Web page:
American spikenard
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American spikenard

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Published by University of Iowa Press in Iowa City, IA .
Written in English

Book details:

Edition Notes

StatementSarah Vap.
LC ClassificationsPS
The Physical Object
Pagination79 p. ;
Number of Pages79
ID Numbers
Open LibraryOL22752404M
ISBN 109781587295355

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American Spikenard is like one long poem, a poet’s coming to terms with identity and history in a quest to be acknowledged for exactly who she is.”—Ira Sadoff, author, Barter  “For those ready to explore the glitter and scars of girlhood, Sarah Vap’s first book is ‘saying, for the sake of integrity, the dearest things.’. North Charles Street Baltimore, Maryland, USA +1 () [email protected] © Project MUSE. Produced by Johns Hopkins University .   What are the Uses and Health Benefits of American Spikenard (Aralia racemosa)? Introduction. For hundreds of years, American Spikenard has been used in Indian medicine to treat numerous conditions both physical and aesthetic. It has been regarded as a valuable commodity since ancient times and also mentioned in both the Bible and the Quran. Hardy, summer-flowering, North American perennial with clusters of tiny, white flowers gathered in large, showy panicles bloom amongst bold, compound foliage; flowers followed by deep purple, inedible berries. With a broad native range from New Brunswick south to North Carolina and west to Arizona, Utah, and northern Mexico, the American Spikenard (Aralia racemosa) is an easily grown perennial.

Overview Information American spikenard is a plant. The root is used to make medicine. People take American spikenard for colds, chronic coughs, asthma, and is also used to loosen. American spikenard, life of man This herbaceous perennial has a more substantial 'woody' feel, with lateral branches and large, broad leaves reminiscent of Hobblebush. Inconspicuous flowers give rise to large, striking clusters of edible, red to purple fruits in fall. The University of Michigan's Native American Ethnobotany Database lists many, many uses for this plant but only a couple examples of it being eaten in any way. "An aboriginal Menomini dish was spikenard root, wild onion, wild gooseberry and sugar," and "Young tips were relished in soups [by the Potawatomi]" are the only examples of it as a food source. American spikenard is a sweet pungent tonic herb that is often used in modern herbalism where it acts as an alterative[]. It had a wide range of traditional uses amongst the North American Indians and was at one time widely used as a substitute for the tropical medicinal herb sarsaparilla[, ].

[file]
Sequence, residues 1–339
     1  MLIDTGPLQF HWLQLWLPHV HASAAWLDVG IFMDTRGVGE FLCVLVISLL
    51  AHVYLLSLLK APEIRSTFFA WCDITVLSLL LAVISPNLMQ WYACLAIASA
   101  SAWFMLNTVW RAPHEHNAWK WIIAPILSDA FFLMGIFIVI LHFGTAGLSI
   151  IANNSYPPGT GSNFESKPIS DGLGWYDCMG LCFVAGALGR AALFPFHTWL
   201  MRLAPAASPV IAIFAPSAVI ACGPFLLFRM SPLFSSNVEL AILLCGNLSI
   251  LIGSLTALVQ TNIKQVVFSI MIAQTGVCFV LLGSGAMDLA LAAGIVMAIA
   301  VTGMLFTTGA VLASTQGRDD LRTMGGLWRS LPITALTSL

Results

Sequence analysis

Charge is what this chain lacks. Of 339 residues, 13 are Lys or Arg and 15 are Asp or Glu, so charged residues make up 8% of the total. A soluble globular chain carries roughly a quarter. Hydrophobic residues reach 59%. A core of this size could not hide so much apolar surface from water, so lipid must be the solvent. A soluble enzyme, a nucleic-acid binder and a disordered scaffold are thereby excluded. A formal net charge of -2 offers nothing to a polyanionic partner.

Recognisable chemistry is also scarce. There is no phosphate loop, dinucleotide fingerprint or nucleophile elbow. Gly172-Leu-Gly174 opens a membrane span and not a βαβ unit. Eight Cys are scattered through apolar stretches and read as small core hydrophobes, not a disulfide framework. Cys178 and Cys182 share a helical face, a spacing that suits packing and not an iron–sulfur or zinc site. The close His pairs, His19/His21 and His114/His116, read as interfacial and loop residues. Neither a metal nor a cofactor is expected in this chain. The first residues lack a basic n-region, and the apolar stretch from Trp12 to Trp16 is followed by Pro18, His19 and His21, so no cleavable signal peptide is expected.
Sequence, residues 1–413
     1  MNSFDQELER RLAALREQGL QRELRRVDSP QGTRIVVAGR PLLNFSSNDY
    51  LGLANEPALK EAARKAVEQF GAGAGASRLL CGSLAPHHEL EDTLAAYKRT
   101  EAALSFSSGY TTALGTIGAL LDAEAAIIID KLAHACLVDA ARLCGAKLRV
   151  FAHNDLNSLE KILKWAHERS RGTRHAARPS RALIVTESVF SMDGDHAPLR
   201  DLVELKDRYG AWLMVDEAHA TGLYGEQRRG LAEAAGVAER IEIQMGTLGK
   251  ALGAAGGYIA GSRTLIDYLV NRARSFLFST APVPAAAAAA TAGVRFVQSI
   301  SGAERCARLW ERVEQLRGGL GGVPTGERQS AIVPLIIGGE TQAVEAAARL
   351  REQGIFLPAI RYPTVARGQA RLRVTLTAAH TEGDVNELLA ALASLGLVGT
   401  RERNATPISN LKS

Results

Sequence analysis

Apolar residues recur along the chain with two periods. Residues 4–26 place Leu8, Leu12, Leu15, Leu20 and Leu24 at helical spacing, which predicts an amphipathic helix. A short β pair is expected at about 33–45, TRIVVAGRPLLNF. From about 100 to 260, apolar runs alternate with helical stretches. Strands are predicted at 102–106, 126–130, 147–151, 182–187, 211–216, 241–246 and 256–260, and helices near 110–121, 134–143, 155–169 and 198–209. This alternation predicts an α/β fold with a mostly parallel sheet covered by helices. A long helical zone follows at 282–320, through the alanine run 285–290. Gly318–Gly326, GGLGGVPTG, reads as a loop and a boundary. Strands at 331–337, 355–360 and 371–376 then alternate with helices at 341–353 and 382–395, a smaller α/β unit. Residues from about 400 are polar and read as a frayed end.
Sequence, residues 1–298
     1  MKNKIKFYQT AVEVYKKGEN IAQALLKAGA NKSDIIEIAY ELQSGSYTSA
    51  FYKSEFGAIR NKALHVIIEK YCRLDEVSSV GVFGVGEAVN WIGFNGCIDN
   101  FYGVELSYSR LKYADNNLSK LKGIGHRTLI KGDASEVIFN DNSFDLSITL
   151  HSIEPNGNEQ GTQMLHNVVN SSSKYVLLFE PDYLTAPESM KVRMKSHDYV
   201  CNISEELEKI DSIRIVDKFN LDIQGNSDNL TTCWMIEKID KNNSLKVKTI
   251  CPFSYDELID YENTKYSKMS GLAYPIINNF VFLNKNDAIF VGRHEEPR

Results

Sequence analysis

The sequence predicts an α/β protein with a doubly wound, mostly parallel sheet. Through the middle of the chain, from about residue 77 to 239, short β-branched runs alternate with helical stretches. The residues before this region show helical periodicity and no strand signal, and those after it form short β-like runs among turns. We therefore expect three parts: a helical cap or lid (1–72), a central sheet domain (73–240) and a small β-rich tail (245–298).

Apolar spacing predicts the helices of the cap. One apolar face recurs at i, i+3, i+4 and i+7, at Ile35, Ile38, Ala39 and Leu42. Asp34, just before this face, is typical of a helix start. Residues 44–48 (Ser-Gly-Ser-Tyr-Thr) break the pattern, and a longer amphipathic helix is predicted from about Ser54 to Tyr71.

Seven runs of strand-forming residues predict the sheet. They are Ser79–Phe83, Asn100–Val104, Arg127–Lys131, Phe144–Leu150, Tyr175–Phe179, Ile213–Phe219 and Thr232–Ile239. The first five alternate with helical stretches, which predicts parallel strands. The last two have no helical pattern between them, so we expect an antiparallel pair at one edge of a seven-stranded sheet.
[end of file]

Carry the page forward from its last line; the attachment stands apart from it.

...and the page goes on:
Book Description: Iowa Poetry Prize winner"If everyone decided to call themselves a girl / that word would stop." In this award-winning volume of authoritative and assertive poems, Sarah Vap embarks on an emotional journey to the land of America's female children. This is an excellent resource for Ayurveda practitioners and students. One can read online and download Ayurveda ebooks for free. We are helping you to Learn Ayurveda through Ancient Ayurvedic Books. Spikenard, also called nard, nardin, and muskroot, is a class of aromatic amber-colored essential oil derived from Nardostachys jatamansi, a flowering plant of the valerian family which grows in the Himalayas of Nepal, China, and oil has been used over centuries as a perfume, a traditional medicine, or in religious ceremonies across a wide territory from India to Europe. American spikenard is a perennial, herbaceous plant, feet tall; its thick, fleshy rootstock features long, thick roots and produces one or more branched stems growing up to 6 feet high. Stems are smooth, dark green or reddish.